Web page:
|Paul in Prison, Rembrandt|
"Art as exploration" is about exploring truth and beauty and reflecting them in ways that are so full of meaning that they cannot be reduced to a practical paraphrase. Jesus didn't say "give them poetry"? Then whey did he give us so much poetry, and quote the Psalms, which are full of poetry, relentlessly? Why were his statements about himself full of poetry? Why did he turn his Last Supper into the most intimate and mysterious and extravagant kind of culinary poem? I love God's glory too much to reduce it to clumsy, shallow terminology. As the psalmists and the prophets demonstrated, God speaks in poetry, acts in poetry, and inspires poetry in response. To explore truth and beauty is an act of listening and discovering, not merely deciding we have it all figured out and offering formulas and platitudes. I never, ever said that readers won't sense "messages " in my story. I just said that I didn't write them to deliver messages, but invite readers into experiences, hoping that they would experience beauty and truth in more encompassing ways than a mere allegory or lesson can provide.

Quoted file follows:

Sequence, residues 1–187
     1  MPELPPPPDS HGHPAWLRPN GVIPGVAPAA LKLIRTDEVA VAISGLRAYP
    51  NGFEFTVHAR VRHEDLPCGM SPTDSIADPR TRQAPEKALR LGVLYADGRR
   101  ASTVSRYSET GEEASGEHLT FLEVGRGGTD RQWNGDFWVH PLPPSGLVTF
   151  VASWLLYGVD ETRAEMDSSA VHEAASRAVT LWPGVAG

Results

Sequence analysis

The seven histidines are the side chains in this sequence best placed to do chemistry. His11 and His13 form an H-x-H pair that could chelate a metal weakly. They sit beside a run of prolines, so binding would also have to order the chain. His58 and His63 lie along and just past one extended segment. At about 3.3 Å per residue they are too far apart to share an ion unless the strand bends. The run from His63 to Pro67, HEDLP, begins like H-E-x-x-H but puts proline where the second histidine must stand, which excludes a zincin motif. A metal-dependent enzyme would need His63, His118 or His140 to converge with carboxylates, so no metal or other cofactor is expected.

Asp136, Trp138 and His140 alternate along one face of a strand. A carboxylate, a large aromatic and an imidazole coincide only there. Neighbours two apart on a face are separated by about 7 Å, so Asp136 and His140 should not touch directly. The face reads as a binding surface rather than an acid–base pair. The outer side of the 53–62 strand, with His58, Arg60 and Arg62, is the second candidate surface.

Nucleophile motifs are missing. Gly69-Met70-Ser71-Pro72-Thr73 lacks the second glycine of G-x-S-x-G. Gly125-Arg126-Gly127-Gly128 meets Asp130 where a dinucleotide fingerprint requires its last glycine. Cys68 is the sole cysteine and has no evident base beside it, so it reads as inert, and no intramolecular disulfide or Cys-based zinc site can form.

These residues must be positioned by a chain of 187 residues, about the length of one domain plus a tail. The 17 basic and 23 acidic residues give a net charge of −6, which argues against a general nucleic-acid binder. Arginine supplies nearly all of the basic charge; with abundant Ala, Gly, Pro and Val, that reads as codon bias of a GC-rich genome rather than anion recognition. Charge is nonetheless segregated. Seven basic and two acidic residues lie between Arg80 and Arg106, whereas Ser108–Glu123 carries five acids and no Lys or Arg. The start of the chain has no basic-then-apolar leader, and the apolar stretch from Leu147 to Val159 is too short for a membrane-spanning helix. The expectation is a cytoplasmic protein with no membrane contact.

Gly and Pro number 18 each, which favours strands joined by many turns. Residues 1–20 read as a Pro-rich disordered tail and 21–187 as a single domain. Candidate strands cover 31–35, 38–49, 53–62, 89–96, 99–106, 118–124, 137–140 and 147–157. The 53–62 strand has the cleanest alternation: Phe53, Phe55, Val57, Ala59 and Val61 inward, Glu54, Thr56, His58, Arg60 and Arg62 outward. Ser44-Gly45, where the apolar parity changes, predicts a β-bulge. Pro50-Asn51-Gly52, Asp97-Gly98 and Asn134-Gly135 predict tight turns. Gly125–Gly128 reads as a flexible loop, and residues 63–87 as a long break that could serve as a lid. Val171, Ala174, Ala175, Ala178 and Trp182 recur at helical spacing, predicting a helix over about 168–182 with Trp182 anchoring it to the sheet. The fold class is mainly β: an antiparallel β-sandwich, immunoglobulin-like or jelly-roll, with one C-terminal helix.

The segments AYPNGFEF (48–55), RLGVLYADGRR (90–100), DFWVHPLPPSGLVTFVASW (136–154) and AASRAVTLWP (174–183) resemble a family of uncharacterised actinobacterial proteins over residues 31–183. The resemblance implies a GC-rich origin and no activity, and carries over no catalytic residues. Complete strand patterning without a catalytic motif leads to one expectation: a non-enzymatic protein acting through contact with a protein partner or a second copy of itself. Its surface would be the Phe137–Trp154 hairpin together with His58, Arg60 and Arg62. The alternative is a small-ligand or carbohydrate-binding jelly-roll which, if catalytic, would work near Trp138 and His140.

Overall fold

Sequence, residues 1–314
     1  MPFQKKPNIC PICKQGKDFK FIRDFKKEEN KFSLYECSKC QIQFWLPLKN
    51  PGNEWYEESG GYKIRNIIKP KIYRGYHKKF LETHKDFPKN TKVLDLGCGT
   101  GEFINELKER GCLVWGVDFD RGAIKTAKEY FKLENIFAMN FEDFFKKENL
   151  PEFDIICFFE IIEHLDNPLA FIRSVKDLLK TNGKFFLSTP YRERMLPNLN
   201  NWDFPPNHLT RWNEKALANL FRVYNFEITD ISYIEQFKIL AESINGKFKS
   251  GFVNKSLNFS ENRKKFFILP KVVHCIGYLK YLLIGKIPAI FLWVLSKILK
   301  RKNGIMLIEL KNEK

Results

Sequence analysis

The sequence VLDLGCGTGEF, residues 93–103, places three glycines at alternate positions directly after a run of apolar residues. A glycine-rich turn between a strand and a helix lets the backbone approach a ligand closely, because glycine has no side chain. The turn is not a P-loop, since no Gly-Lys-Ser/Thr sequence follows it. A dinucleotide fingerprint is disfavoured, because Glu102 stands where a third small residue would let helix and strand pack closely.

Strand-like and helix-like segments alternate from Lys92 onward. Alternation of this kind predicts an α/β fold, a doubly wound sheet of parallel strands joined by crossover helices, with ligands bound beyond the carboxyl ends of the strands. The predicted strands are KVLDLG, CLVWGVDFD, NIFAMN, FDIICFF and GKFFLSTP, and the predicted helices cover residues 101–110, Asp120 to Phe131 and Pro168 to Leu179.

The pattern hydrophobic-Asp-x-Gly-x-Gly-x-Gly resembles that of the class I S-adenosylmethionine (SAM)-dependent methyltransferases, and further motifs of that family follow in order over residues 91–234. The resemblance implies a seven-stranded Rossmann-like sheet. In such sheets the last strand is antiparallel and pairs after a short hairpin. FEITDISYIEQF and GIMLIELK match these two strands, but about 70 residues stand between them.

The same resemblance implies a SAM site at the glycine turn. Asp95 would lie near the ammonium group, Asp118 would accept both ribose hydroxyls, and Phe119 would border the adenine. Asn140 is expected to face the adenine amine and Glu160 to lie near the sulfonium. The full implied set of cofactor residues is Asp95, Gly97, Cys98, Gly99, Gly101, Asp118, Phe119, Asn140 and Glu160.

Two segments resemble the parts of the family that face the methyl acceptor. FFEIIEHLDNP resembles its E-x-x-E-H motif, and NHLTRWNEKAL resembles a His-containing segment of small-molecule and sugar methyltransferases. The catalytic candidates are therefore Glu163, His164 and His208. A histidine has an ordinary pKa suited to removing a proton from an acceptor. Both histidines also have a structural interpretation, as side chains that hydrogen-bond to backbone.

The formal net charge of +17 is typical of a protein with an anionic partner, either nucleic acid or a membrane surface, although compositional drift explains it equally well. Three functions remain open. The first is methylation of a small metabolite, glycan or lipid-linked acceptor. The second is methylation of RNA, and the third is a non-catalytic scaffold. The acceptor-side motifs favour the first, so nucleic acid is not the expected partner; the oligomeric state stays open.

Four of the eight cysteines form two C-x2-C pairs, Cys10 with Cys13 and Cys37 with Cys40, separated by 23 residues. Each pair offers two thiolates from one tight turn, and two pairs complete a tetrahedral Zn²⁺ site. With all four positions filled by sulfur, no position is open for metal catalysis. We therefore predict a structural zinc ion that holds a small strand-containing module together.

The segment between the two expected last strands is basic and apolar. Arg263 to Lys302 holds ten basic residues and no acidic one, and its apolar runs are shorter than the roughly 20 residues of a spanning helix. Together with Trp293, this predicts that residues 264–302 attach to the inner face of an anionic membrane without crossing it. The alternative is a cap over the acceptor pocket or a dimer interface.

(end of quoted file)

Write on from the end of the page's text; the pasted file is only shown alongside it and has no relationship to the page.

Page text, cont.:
"You do not write the best you can for the sake of art, but for the sake of returning your talent increased to the invisible God to use or not use as He sees fit." Flannery O'Connor
”…the meaning of life is centered in our Redemption by Christ and what I see in the world I see it its relation to that. I don’t think this is a position that can be taken halfway or one that is particularly easy in these times to make transparent in fiction.”
and more, “The novelist with Christian concerns will find in modern life distortions which are repugnant to him, and his problem will be to make these appear as distortions to an audience which is used to seeing them as natural; and he may be forced to take ever more violent means to get his vision across to this hostile audience…”
if I may, another Flannery, “The Christian writer particularly will feel that whatever his initial gift is, it comes from God; and no matter how minor a gift it is, he will not be willing to destroy it by trying to use it outside its proper limits...The sharper the eye of faith, the more glaring are apt to be the distortions the writer sees in the life around him.”
“It is the artist who realizes that there is a supreme force above him and works gladly away as a small apprentice under God's heaven.”
Great stuff, Douglas! And here's one of my favorites: